Now we get into the world of our very few reasonable recruiting targets. The first one I'll highlight is one that seems to be headed heavily in our direction. He wants academics and a position coach he likes? Well, he seems to have hit it off so far with Searels, and our academics are pretty hefty for a good football school. Last I heard he had cancelled a trip to Kentucky and plans to swing by July 25th.
Patrick Kearns (Rome, GA. 270lbs, 6'-5.5", Offensive Line)
Get out of Kearns' face. Seriously, it only means pain if he's trying to drive block. He fires out low and keeps pushing until he feels like you aren't in existence anymore. He has a lot of the same mobility that Hopple has- seems to be a thing Searels is looking for- which bodes well for any attempt to move toward a zone blocking scheme. He seems to be matched up more against people his size- though there are a couple of smaller people as well- so maybe his tape translates a bit better. My other issues might be a tendency to get so bored-in on burying the guy in front of him he sometimes ignores where the play is headed or is supposed to go- the coaches can at least reign that in though, rather than have to work someone up. Kearns is another solid get, in my opinion, and word is that he wants to commit by the end of the month or by early August.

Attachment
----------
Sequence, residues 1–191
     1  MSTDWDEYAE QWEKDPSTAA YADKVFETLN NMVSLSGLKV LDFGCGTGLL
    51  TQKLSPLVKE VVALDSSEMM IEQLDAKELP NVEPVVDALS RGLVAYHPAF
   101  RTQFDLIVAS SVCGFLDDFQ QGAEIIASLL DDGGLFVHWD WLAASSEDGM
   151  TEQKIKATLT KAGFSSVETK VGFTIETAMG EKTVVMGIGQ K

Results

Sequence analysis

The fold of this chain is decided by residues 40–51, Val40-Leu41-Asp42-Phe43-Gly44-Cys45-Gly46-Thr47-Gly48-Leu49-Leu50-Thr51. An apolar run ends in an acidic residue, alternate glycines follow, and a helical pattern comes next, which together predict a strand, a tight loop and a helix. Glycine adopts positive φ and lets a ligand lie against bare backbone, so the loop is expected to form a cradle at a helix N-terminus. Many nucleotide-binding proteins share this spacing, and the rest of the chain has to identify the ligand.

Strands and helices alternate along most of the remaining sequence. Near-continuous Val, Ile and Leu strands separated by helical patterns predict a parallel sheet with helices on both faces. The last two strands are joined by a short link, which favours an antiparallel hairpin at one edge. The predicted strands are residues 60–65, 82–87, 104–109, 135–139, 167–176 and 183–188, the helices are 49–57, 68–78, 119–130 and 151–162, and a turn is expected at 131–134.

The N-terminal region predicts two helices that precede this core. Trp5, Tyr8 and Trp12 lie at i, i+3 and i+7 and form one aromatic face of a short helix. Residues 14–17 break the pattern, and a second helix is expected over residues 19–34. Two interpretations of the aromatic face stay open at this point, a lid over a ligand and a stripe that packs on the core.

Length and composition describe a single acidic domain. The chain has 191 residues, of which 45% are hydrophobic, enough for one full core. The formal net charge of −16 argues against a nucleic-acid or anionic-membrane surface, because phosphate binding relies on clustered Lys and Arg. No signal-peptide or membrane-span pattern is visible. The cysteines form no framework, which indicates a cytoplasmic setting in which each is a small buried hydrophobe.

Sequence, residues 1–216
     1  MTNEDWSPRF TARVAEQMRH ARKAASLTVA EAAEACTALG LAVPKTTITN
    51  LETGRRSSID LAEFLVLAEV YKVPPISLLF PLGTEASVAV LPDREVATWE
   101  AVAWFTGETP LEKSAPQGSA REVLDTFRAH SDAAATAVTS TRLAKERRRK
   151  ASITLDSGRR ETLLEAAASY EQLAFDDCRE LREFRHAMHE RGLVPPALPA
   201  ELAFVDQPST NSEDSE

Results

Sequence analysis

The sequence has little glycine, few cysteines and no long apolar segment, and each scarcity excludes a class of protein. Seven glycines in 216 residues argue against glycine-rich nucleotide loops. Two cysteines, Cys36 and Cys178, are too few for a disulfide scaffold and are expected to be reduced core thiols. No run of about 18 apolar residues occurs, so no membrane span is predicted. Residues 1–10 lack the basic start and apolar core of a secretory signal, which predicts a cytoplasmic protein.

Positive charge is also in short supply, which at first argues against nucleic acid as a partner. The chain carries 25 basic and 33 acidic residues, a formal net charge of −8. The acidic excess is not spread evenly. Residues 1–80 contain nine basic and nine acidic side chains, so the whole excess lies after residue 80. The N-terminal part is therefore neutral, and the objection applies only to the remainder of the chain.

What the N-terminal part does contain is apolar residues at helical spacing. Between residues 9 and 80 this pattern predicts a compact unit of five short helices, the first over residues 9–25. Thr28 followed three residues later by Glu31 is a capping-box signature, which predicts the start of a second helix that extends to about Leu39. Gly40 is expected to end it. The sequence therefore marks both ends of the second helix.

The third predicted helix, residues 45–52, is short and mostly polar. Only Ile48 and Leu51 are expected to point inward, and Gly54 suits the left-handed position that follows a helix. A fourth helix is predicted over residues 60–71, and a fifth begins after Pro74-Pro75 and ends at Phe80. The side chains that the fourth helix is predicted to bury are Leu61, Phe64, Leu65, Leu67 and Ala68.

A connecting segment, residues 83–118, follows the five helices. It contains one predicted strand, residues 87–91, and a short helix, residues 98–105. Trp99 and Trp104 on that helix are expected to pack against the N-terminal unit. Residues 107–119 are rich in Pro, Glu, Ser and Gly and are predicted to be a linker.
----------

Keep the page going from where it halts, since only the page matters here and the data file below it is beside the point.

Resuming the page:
The third heavy recruiting target is no secret. Landon Dickerson is a Hokie by family, a third generation fighting gobbler- his grandfather was Herman Dickerson, the first Hokie player drafted into the NFL. A four-star or five-star tackle from North Carolina, Dickerson is the big fish for the 2016 season.
Landon Dickerson (Hudson, NC. 293lbs, 6'-5", Offensive Line)
It's zero wonder why, as of now, Dickerson's making the Hoke faithful sweat bullets. Dickerson is MASSIVE and has a college frame already, along with that kind of nasty, unbelievable strength that makes offensive line coaches drop jaws. Dickerson is a people mover. He's a bulldozer that you sit a running back behind and just watch plow the way. He's not as athletic in some ways as Kearns and Hopple, but when your job is to make defensive linemen cry, you don't need to be. Dickerson also is good enough that he simply decks linebackers he gets to, knocking them over like bowling pins. It's clear that he and his competition right now really aren't in the same league.
But the problem with Dickerson is that he's almost too good. As I watch, I see that he took a visit to Florida State and Georgia's now after him. People are starting to think or predict he'll go elsewhere, and I wince as I usually do when Tech gets into a recruiting fight. Tech's always had a problem getting and then developing highly ranked offensive line talent, and I shudder to think that might happen yet again. Right now, we're supposedly in on a couple of other players- Johncarlo Valentin and Pete Leota come to mind- but as of today we're supposedly losing those fights to Michigan and UNC/USC (East) respectively. This class might come out startlingly light, which calls to question whether or not our enhanced efforts are paying off. Right now, the heat is on Searels to land the big fish rather than letting him get away like so many have before.